Ultros respects its players enough to make them work hard for the best ending. Accordingly, it never feels like a waste of time to manually connect your save points to the overall network (so that you can fast travel between them) or to gather the right seeds, spray them into the proper orientation, and occasionally splice together parts into hybrid platforms. If anything, these deliberate actions serve to sow a deeper sense of purpose and understanding of conservation in players. In doing so, Hadoque’s marvelous creation stands leafs and branches above not only other puzzle platformers, but most other socially conscious games as well.
Ultros is a slick Metroidvania-style experience that doesn’t only introduce plenty of unique ideas but also looks absolutely breath-taking with its surreal visual style. It does a good job of getting all of the basics of the genre right, whilst the looping, eating, and gardening mechanics each add their own unique twist to the formula. Sure, these mechanics don’t always hit the mark (especially with the focus on eating GOOD body parts getting repetitive over time), but they never stop the game from being a lot of fun to play. With so many Metroidvania-style releases available, it’s nice to play one that does something that feels genuinely different to the norm – and believe me, Ultros is a game that isn’t afraid to be different.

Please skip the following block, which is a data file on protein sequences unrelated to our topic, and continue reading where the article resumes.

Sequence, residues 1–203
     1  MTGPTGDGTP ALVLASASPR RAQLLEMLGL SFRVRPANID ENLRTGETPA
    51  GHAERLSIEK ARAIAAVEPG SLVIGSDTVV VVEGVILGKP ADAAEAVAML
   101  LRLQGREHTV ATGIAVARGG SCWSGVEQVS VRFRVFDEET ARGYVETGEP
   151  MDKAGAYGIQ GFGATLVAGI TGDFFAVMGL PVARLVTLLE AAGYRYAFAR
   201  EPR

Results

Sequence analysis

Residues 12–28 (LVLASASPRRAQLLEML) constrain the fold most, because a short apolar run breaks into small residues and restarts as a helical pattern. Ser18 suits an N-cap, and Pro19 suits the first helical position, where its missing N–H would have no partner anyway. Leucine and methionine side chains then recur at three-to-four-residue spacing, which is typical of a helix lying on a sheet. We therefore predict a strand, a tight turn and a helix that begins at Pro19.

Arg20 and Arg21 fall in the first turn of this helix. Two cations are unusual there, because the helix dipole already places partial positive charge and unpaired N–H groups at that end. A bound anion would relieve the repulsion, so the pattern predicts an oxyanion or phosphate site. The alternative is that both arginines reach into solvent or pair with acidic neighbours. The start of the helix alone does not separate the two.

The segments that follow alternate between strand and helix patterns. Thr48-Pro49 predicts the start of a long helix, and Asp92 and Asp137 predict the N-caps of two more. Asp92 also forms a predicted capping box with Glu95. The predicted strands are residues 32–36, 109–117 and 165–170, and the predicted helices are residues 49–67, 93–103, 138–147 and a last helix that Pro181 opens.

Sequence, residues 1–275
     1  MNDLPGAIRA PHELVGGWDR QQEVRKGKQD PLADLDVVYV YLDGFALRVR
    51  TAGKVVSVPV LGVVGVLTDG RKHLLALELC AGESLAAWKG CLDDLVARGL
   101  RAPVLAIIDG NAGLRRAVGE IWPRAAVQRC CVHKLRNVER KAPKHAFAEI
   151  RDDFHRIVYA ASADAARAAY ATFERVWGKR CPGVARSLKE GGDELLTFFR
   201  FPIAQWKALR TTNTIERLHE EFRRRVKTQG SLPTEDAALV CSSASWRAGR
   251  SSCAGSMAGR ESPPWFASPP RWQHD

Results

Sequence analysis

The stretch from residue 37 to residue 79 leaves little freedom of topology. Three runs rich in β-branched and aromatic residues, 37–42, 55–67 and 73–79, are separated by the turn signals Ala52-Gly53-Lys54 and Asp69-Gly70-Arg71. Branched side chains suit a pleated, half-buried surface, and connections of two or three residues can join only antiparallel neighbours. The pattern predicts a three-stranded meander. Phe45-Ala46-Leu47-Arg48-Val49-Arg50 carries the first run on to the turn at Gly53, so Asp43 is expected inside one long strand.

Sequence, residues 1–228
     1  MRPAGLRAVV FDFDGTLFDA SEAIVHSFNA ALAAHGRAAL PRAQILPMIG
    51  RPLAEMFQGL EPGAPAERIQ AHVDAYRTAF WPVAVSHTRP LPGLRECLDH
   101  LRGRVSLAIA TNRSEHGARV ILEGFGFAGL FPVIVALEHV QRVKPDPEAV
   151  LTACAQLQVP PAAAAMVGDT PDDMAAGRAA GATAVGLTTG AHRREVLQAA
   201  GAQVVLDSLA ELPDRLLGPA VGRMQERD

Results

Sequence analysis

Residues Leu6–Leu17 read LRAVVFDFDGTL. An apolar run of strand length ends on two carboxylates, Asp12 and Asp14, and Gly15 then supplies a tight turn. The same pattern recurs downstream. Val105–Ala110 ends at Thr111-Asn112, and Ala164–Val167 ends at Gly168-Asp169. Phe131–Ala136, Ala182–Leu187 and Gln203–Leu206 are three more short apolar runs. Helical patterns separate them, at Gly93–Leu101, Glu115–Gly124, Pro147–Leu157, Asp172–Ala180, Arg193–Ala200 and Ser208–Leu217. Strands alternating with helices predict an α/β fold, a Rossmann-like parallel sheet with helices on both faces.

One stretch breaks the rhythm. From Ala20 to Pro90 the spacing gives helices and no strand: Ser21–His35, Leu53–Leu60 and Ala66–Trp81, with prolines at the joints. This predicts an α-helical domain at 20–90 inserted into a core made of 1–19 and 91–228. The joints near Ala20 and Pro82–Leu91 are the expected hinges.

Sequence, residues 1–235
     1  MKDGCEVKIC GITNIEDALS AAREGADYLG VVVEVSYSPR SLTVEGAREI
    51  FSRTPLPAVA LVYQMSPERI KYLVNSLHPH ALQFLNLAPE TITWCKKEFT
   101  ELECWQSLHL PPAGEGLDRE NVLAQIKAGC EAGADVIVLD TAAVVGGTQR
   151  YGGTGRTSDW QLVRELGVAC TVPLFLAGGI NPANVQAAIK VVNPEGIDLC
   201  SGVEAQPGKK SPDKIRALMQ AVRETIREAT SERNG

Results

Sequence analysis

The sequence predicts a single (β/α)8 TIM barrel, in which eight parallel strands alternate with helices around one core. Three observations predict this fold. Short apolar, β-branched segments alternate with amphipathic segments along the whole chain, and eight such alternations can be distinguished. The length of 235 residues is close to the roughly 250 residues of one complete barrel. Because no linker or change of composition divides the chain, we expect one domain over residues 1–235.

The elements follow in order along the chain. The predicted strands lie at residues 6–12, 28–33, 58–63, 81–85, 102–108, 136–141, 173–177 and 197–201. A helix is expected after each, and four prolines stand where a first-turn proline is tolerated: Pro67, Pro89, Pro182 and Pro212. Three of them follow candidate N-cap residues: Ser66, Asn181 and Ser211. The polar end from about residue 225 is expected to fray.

Psychedelic stylings accompany a game of transformation and discovery.
Sometimes visuals are enough to carry a game and they certainly take Ultros far, although mediocre combat and some jankiness slightly undermines the unique vision.
"Just when you thought Ultros couldn't get any more outlandish, it has its own gardening system."
Ultros' experimentation with elements from both roguelites and metroidvanias creates an enthralling combination accentuated by a captivating setting.
With a gameplay approach that is as psychedelic, disconcerting, and unique as its visual style, Ultros is a constant stimulus for the senses. If you value originality and like different games, don't hesitate to give it a try.